Admittedly, the Barcelona Process of 1995 and PEM Convention having entered into force in early 2012 were remarkable initiatives aiming notably at introducing institutional frameworks and promoting deeper economic integration based on the “rules of origin” concept. However, the initiatives did not blossom as was hoped, and this is due to several reasons that keynote speaker Monika Wohlfeld (German Chair for Peace Studies & Conflict Prevention) and Ettore Greco (Vice-President of the Institute for International Affairs) have touched upon during the 8th March international event. Given that our awareness and understanding of the lack of prosperity having surrounded those first initiatives is key to re-thinking, re-calibrating and, in turn, re-engage in an auspicious direction, this piece will be taking you back to the salient message vehicled by Wohlfeld and Greco respectively.

First, Monika Wohlfeld took the floor and opened up by acknowledging the past attempts at reaching cooperation security agreements as well as their relative deficiency up until now. Equally as important to recognize are the causes of such failings: actually, little traction was brought on following the emergence of the first initiatives due to, notably, an absence of lasting peace climate and old relational patterns within the involved regions. The context having been set, she moves onto the juicy bit: the inherent inadequacy of the multilateral approach whose prints are all over the 90s and 2000s proposals. What is more, she brings to the table a counter-approach as the path to engage in: minilateralism.

The aforesaid concept offers an alternative cooperation modus that is more selective, flexible and mostly more conscious of, and focused on, the fact (or rather the reality) that States can participate in various ad-hoc frameworks with fluctuating membership. The latter would then be assessed through case-by-case interests, shared values and pertinent capabilities. In that sense, by contrast to a multilateralist angle, a minilateralist attitude would be oriented towards the sub-regional rather than the international; would be a voluntary undertaking rather than a binding one; would concern fragmented but specialized fields of application rather than general comprehensive ones; would tend to be multi-stakeholders rather than State-centric; and would proceed from a bottom-up thinking rather than top-down. Monika’s suggested shift in approach answers an important need, backed-up by local expert voices, which is that of the serious taking into account of sub-regional diversity in the process. By doing so, the odds of reaching cooperation agreements with MED countries – and moreover the chances of those agreements panning out – would be extremely favourable.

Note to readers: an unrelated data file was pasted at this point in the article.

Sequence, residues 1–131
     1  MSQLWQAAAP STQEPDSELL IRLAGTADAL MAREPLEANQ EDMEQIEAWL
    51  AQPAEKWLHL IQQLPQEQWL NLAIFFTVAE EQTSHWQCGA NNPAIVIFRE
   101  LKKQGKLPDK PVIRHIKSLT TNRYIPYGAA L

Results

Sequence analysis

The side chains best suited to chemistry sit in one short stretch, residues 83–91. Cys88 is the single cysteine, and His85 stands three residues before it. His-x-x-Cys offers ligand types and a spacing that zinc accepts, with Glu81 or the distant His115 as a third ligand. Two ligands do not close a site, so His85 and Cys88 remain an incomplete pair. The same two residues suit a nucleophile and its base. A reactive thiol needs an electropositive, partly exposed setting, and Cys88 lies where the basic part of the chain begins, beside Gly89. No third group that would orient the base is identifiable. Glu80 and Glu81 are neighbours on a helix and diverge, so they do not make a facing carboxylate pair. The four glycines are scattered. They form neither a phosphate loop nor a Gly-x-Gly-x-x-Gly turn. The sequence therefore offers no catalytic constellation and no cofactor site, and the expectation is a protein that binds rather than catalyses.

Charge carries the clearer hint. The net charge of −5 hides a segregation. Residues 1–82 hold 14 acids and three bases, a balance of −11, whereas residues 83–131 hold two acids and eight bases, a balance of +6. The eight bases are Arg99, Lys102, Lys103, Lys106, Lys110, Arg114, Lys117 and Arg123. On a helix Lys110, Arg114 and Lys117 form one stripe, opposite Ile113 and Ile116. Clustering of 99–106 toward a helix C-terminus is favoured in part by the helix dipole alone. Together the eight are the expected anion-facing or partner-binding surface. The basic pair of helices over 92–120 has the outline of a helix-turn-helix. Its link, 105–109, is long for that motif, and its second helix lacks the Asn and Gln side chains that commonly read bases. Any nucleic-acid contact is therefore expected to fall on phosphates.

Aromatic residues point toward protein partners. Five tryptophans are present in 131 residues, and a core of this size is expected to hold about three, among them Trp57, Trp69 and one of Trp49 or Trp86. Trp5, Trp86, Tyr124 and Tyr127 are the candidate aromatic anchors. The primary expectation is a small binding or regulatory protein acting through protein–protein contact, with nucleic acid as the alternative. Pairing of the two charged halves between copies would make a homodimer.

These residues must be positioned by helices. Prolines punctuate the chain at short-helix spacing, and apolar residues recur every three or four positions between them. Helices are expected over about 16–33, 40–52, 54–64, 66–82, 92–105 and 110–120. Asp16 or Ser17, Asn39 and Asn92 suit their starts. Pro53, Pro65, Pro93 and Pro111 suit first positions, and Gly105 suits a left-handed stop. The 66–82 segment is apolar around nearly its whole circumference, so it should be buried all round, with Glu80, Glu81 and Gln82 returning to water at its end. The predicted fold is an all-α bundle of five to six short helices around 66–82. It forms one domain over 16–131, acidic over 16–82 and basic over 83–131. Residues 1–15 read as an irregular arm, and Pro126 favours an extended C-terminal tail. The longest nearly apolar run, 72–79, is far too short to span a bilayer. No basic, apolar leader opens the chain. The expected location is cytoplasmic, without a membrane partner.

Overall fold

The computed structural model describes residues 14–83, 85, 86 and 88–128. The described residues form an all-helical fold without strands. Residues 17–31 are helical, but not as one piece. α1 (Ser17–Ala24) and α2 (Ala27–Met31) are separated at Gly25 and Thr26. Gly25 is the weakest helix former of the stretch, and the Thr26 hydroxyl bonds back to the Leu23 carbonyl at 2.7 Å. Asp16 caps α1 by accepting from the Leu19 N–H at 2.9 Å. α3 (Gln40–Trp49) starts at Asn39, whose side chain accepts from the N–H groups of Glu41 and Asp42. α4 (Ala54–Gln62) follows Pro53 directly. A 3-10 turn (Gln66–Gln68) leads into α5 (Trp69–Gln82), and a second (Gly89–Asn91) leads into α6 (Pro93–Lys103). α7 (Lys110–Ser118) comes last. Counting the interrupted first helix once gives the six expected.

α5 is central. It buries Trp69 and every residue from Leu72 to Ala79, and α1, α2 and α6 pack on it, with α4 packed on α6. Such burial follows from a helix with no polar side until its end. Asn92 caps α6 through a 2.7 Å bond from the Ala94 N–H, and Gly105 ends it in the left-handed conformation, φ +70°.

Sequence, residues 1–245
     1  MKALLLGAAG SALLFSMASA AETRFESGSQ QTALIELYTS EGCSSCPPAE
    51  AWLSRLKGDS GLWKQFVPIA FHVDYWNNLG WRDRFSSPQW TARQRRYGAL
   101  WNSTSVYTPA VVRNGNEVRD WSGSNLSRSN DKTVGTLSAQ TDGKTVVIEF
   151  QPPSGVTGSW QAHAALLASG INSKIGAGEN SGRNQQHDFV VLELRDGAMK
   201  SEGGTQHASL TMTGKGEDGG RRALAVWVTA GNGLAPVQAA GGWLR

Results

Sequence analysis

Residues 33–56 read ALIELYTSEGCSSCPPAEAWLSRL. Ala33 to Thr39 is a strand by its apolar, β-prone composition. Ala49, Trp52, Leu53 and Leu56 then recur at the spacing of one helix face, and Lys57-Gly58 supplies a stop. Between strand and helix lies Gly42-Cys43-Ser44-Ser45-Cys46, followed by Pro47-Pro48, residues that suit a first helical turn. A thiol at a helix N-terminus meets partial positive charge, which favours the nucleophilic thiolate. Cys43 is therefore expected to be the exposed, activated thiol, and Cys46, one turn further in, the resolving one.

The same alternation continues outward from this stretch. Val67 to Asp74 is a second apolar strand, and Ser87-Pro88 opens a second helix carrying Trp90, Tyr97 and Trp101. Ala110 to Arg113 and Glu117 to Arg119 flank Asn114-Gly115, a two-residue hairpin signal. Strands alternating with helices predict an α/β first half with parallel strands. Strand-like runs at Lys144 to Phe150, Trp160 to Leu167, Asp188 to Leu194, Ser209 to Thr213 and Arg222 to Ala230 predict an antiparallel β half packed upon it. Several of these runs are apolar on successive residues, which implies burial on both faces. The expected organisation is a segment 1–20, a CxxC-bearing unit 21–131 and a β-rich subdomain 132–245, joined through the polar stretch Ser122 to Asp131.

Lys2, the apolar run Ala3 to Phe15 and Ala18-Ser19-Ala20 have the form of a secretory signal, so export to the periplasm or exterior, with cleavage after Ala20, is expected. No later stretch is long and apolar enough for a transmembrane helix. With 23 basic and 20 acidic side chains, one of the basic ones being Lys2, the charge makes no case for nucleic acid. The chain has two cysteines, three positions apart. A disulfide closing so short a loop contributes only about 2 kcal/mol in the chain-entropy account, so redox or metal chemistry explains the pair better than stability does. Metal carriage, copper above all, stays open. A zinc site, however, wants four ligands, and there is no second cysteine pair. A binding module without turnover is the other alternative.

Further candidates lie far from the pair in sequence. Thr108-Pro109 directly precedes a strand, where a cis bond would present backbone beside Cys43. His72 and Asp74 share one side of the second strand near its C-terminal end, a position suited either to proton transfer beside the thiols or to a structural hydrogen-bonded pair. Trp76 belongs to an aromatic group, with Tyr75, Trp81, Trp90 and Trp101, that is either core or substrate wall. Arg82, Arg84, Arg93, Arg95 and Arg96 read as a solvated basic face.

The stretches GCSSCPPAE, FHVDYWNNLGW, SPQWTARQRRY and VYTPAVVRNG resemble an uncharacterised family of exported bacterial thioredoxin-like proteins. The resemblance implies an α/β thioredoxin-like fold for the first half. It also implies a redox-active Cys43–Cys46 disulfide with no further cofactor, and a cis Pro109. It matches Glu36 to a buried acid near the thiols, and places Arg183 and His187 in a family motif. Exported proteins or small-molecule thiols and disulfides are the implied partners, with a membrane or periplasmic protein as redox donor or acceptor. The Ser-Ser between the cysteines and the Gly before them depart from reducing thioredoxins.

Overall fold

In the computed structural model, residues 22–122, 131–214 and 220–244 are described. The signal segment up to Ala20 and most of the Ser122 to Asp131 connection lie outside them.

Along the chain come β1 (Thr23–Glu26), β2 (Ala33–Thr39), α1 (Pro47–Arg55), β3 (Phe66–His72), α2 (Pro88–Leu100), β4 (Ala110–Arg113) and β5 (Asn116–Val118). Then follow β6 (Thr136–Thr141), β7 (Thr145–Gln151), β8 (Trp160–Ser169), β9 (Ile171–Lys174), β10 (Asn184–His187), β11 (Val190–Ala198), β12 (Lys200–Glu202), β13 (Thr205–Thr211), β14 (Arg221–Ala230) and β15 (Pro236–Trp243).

As a matter of fact, Ettore Greco endorsed a consubstantial view in his intervention during the conference. More specifically, he believes that a looser approach based on an empowered co-ownership and greater attention to actual regional dynamics and situational constraints ought to be adopted.

Drawing on the Barcelona Process experience, which rendered apparent its shortcomings and the recent state of deadlock having affected the EURO-MED coop, Greco equally provides alternate lines of thinking. What is clear to him is that the integrationist approach and the idea according to which cooperation should equate to structural convergence makes for an unworkable avenue. Indeed, he also pointed out that one main issue encountered with regard to earlier cooperation models (whether in the Barcelona Process or even in the ERANET Project of 2013) was the transfer and, by way of symmetry, the reception of Western policies in the Middle-East and North Africa. This cannot help but to ring an old bell; that of Watson’s concept of the ‘legal transplant’ and related limits. His famous metaphor of the mountain plant being uprooted and planted back in the desert, incurring changes to the plant’s nature remains particularly striking and timely. This goes to show, or rather to remind some, that purely transplanting policies that are specific to a certain ethos without adjusting to the new local particular context can often prove inefficient.

Consequently, is it well-advised that the EU places more emphasis on, and deploys more energy towards, stability and resilience as goals set out for the cooperation in lieu of democratization along with institutional reforms. That being said, Greco concedes that in the absence of profound transformation – and hence, reforms, to some extent – stability in itself is seldom achievable.

Setting aside the MED inner conflict dynamics over which the EU has very little if no control over, new forms of partnerships should be relentlessly explored and promoted in a world where the concurring, mutually-reinforcing challenges can only be optimally addressed through wider pan-regional operative frameworks. In that spirit, Ettore Greco, as emissary for the IAI, lays out some ground requirements we need to achieve as a roadmap to making successful advances. These are:

  • The promotion of a comprehensive concept of security. That is, one more inclusive and of broader scope – and thereby more realistic.[2]